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They say: Free trade has ruled for more than fifty years and every year is gaining ground around the globe. The development of trade routes, the signature of bilateral or multilateral agreements consequently allow an increase in the volume of exchanges between countries.
They say: Free trade has allowed economies so far closed to enter the globalization process and lift some people out of poverty.
They say: From a cultural point of view, free trade has allowed, as its name suggests, the exchange of culinary and artistic traditions which we’ll like or not.
They say: The facts are there, the numbers prove it.
However, these free trade agreements also have a hidden face. A hidden face that does not question the existence of currents of exchange which offer significant benefits for many people. But agreements that regularly endanger the foundations of democracy, the rights to a healthy environment, equal access to healthcare and many others. must be questioned. In AEDH’s scope of action, it is a question of testing the free trade agreements signed by the European Union on behalf of its member states.
One might have thought that after the violent protests across Europe against the lack of transparency of TTIP and CETA, the new agreements being negotiated or concluded with Japan, Mercosur, Indonesia and Mexico would be subject to debate and above all, that the negotiations would be more transparent. However, it appears that political leaders don’t learn from history. When we look at what we know about these treaties, it seems that the lessons of a not so distant past have produced a reaction comparable to Trump’s election promise not to send a US delegation to the Olympics should North Korea participate!
The procedures and methods of treaty negotiations remain opaque. This recalls the main criticisms that were raised during treaty negotiations with countries on the other side of the Atlantic. If the European Union and the Commission expect to win back the hearts of Europeans before the 2019 elections by a culture of secrecy, and if they continue to use a method that often turns the discussions mixing politics and the interests of large industrial groups, into a shameful secret, it may just be that once again the institutions will have got it wrong.
But it’s not only a question of method or culture of secrecy! It’s not simply a question of modifying these problematic points for the next negotiations. Questions such as health and the environment must not be left out. In principle, health and the environment should be more or less protected by a certain precautionary principle. AEDH welcomes this … hoping that this precautionary principle will materialize in new rights. Whether for the European Pillar of Social Rights, in terms of the environment, energy, health, data protection, AEDH wants rights to flow from all the agreements, treaties and regulations concluded by the European Union. It is not a question of saying that the Union does not care about the health of its citizens. Absolutely not. But as the study by Foodwatch and Powershift shows, as Karine Jacquemart, director of Foodwatch France, points out: “The EU was attacked at the WTO when it tried to introduce restrictions related to topics like pesticides or GMOs in the name of the precautionary principle. And that could happen again. “
But the accusing finger should not be pointed at the European Union alone. Our other hand can designate the Member States. Although the latter sign ambitious environmental agreements, their governments giving ever more “green” speeches, the fact remains that the acts remain very mixed. Take the agreement with Mercosur: how can we ensure that South American products comply with Europe’s health rules? We can ask the same questions about the use of pesticides in Mexico, especially in avocado plantations, causing very serious health problems in the country. It is difficult to understand why we are signing COP 21 if States enter into agreements which ultimately will lead to a deterioration in the quality of the environment for us or our trading partners. By signing these agreements, the European Union is making trouble not only for Europeans but also for local populations. By encouraging the importation of these types of products dangerous to health, does the European Union not legitimize production processes that are often as dangerous as the product itself? Such as the oil sands in Canada.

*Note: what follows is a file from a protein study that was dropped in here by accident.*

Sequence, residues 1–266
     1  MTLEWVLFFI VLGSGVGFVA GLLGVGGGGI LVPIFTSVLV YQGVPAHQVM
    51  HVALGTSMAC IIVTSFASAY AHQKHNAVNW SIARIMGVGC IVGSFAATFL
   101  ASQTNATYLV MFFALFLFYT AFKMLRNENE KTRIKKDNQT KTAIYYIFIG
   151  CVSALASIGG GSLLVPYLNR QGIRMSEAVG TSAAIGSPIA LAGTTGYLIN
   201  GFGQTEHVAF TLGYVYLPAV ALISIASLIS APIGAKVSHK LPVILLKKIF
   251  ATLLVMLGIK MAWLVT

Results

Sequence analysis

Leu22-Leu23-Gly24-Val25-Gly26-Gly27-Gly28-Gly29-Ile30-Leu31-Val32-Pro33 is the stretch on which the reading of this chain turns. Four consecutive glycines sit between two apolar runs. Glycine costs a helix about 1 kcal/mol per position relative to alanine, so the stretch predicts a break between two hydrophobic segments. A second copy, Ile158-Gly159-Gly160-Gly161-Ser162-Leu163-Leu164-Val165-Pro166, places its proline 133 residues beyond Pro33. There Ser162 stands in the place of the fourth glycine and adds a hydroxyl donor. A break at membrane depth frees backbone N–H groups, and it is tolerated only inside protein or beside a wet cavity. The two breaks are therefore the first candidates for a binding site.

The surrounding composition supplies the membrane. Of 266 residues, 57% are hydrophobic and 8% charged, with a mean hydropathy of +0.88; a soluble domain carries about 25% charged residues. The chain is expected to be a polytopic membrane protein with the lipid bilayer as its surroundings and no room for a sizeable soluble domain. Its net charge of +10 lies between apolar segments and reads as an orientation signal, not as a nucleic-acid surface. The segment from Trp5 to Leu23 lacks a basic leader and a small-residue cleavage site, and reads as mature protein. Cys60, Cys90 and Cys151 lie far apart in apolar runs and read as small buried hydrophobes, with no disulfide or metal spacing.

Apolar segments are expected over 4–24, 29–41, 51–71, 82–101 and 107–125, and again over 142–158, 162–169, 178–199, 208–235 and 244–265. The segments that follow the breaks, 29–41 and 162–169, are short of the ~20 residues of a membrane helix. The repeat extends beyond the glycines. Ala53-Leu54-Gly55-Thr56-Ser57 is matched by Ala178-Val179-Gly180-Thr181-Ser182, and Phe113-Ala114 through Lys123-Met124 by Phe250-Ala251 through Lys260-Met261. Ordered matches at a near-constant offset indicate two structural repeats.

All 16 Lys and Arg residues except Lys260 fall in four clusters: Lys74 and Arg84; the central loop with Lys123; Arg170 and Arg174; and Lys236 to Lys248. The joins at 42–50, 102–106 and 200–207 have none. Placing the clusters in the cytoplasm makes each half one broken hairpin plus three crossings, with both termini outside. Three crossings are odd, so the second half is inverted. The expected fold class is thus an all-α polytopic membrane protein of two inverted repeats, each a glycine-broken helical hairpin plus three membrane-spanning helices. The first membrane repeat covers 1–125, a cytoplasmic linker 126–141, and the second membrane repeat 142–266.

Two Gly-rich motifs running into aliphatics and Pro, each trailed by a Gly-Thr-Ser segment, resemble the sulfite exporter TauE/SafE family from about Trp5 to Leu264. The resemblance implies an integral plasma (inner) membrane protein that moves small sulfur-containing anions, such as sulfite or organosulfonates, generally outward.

As far as future agreements are concerned, it might be desirable for EU negotiators to remember the mistakes of the past!
Take the example of the Mexican avocado: the ”green gold”! It’s worth understanding just how important it is to the Mexican economy. This green gold which is already imported into Europe but which will probably be even more so if there is agreement, has unfortunate consequences. First, green gold encourages Mexican producers to destroy local food crops to plant these export-only crops. Where is the COP 21 spirit in all this? And that’s not all, the pesticides used for ever higher yields are likely to pollute the environment, poison those who spread the products and finally are about as good for the health of consumers as Snow White’s poisoned apple . Three times a winner! And it’s certain that there are other examples as good as this. AEDH expects the citizens of the European Union not to accept this kind of thing. It expects that the European Union, given the lessons of the past, will at some point think that free trade must be done in compliance with these three rules: democracy, protection of producers and consumers, protection of the environment for humanity’s common good. Because finally, of speeches, votes and history, rights will be born.
 FLAUSCH, Manon, « Des ONG pointent l’addition salée du libre-échange », Euractiv, 7 février 2018.